Bears fight until finish in close loss to No. 10 Wildcats

Photo of Cal Women's Basketball
Anthony Angel Pérez/Staff

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For most of Friday’s contest, 0-13 Cal women’s basketball hung right with 14-2 Arizona, the second-best team in the Pac-12 and No. 10 team in the country. The Bears even held a narrow 46-45 lead with a little more than six minutes to go in the game and had gone blow-for-blow with a national championship contender.

The Wildcats eventually pulled away down the stretch, riding veteran experience and a deep bench to a 59-50 victory. Still, the performance was by far Cal’s best in what’s been a long season and a sign that the year of growing pains may ultimately be worth it. 

The Bears were surprisingly competitive in the first half and entered the break down just 28-23. It might’ve been expected, though, that the talented Wildcats would stretch their lead in the third quarter against an overachieving and shorthanded Cal squad once fatigue caught up to them. Instead, it was the Bears who came out of the break flying, outscoring the Wildcats 20-15 to enter a decisive fourth quarter deadlocked at 43 before Arizona pulled away in the final five minutes.

The story of this game was the battle of giants between Arizona’s star senior guard Aari McDonald and Cal’s talented freshman forward Dalayah Daniels. McDonald, who averages 18.2 points per game and leads the conference in steals, is arguably the best player in the entire Pac-12 and a surefire top pick in this spring’s WNBA draft. She had her way this afternoon, torching the Bears for a game-high 28 points.

Entering this matchup though, the Bears knew McDonald would find ways to get buckets. Most impressive was how they were able to counter that through the performance of a rising star of their own. Daniels shone for Cal tonight with 10 rebounds and 24 points on hyper-efficient 9-13 shooting. All of her field goals came from inside the paint as she dominated down low to keep the Bears in the game.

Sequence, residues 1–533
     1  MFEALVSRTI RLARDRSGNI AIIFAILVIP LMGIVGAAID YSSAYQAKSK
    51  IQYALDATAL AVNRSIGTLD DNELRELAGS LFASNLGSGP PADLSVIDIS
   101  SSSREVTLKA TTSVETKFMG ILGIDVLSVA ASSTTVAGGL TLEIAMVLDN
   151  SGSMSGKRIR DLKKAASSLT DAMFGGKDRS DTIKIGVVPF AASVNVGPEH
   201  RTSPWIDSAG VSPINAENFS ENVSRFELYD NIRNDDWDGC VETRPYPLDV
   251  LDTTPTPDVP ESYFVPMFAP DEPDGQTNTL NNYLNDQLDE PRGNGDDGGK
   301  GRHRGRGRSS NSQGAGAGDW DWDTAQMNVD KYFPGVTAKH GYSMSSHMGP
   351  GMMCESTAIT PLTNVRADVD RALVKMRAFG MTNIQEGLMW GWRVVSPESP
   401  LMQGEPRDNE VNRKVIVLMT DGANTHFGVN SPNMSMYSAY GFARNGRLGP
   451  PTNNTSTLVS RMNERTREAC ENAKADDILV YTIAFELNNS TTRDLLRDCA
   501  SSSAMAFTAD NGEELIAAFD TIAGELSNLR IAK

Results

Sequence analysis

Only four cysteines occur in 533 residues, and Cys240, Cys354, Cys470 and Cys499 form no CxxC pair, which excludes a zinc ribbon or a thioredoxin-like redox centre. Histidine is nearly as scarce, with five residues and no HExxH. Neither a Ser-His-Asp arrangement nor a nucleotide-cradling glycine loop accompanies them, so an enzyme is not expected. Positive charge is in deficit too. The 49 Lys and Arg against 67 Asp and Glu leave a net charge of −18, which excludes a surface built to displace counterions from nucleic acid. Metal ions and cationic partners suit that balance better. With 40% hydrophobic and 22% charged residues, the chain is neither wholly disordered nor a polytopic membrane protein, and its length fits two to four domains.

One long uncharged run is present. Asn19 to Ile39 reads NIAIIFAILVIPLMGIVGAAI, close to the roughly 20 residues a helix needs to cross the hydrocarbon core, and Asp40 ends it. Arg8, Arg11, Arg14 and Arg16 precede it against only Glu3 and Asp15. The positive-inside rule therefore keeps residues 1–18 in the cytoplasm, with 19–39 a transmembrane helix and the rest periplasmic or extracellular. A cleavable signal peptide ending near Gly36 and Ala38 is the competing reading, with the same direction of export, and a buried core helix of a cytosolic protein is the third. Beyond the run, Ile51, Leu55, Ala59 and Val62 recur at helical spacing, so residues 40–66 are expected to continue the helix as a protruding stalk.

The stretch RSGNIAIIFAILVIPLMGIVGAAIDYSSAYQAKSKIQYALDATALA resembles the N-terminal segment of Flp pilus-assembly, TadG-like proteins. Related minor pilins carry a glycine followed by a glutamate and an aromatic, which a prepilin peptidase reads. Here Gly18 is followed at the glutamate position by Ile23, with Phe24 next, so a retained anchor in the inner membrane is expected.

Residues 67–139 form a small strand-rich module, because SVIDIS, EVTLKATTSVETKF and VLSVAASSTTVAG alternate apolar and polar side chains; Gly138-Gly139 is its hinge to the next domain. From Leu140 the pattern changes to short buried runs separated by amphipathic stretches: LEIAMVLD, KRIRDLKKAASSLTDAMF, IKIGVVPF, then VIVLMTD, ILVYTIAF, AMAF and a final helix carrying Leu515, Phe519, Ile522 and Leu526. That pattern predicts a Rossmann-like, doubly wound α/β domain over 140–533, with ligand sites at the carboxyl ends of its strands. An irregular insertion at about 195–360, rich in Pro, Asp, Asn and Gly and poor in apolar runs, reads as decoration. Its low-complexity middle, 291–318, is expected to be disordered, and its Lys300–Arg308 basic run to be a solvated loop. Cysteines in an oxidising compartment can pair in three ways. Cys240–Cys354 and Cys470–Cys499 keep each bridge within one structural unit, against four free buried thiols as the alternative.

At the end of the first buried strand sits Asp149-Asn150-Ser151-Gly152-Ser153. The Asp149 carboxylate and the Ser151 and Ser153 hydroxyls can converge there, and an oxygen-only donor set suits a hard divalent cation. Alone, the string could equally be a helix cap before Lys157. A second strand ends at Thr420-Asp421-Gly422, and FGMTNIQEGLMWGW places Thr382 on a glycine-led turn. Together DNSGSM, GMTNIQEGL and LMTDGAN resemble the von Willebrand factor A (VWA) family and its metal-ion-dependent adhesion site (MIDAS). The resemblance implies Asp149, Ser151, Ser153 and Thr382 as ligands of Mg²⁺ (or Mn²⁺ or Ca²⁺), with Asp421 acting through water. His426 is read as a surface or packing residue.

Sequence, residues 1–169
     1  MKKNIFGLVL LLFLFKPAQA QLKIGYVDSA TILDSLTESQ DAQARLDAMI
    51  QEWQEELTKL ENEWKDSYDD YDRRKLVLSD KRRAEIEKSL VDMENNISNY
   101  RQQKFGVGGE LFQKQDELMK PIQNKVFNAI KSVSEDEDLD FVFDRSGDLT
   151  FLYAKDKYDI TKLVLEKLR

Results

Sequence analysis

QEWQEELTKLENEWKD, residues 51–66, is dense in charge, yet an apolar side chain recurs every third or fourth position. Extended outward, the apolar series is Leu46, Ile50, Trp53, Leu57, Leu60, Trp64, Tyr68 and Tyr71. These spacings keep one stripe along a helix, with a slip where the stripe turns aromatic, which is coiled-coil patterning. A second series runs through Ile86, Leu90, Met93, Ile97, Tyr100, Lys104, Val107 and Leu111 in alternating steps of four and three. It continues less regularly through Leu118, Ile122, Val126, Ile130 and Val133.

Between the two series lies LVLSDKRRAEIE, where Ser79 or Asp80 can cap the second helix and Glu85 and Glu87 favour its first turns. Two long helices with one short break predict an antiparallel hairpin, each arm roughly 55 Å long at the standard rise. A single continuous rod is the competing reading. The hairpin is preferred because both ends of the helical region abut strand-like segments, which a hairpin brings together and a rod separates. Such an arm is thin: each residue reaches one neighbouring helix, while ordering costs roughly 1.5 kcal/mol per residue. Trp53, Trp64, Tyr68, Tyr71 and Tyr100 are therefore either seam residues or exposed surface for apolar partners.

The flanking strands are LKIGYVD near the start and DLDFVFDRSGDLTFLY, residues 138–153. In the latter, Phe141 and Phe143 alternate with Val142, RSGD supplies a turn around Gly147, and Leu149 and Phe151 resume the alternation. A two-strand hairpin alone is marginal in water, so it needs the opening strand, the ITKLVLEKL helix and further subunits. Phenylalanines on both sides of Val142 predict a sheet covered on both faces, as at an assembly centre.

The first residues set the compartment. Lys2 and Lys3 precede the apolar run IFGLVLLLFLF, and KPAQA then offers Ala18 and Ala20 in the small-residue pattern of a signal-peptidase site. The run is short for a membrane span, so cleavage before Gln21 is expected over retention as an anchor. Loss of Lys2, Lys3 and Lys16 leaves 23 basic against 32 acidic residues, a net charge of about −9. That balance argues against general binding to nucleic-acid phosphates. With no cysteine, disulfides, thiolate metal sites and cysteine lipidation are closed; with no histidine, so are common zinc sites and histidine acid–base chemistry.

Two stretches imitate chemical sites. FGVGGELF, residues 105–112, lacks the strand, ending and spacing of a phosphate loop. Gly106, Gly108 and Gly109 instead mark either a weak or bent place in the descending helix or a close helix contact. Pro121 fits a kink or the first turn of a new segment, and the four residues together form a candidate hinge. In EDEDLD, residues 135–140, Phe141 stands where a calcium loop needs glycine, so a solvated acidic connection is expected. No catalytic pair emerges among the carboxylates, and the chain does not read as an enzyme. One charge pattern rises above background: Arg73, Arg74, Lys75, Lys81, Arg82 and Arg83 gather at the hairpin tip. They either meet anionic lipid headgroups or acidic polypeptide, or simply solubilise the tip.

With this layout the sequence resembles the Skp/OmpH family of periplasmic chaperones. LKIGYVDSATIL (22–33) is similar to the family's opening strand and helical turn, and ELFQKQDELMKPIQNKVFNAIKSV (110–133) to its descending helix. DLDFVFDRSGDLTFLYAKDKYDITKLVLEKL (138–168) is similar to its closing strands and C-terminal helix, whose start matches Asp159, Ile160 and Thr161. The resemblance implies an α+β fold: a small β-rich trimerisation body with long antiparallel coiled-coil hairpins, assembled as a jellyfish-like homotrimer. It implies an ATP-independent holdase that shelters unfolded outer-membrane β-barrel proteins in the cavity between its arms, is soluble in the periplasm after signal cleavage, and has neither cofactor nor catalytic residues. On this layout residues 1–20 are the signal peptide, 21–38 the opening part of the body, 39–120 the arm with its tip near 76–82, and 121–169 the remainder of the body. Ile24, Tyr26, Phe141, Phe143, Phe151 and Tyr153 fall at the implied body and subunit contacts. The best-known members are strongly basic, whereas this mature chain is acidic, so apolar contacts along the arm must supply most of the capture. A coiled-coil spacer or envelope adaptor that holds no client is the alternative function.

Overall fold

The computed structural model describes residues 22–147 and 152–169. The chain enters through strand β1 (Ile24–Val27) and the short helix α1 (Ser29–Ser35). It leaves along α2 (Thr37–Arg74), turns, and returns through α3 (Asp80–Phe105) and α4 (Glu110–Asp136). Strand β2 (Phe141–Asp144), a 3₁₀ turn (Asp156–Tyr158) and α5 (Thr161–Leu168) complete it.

The pair traded baskets back and forth throughout the second half, but every time McDonald unleashed her quick handles to get to the cup, Daniels would respond right back with dominant power moves to bully her way to the rim. It truly was a battle for the ages, as two talented players on the top of their games did everything in their power to will their respective teams to victory.

While the game was defined by the matchup between McDonald and Daniels, both phenoms had their own partners in crime who came through with secondary scoring. For the Wildcats, this was senior Trinity Baptiste, who chipped in 11 clutch points and led her team in rebounds. Ugonne Onyiah stepped up for the Bears, with the freshman forward posting a double-double of her own with 13 points and 10 rebounds. No other player on either side had more than six points, so it really was a battle between these four.

Ultimately, the difference was that the Wildcats were led by two talented and experienced seniors, pushing for a national championship with a peaking core in their final year together. The Bears, on the other hand, were led by two freshmen whose college careers are just getting started.

Cal was in the game too despite many familiar issues returning, including going 1-12 from three, shooting 65% on free throws (Arizona made 87.5% of theirs) and surrendering 18 turnovers (the Wildcats had only six). Had any one of these problems been addressed, the Bears may have been able to steal the win, and should they find a way to eventually fix them, they proved today that they have the talent to compete with anyone in the conference.

The harsh reality is that the Bears are still among the worst teams in the country, and with just two games remaining on the schedule, they may face the disappointing reality of a winless season. With that said, today’s performance should allow them to momentarily forget all that, as they proved that the team is trending in the right direction and found hope that a brighter future may lie ahead.

Benjamin Coleman covers women’s basketball. Contact him at [email protected]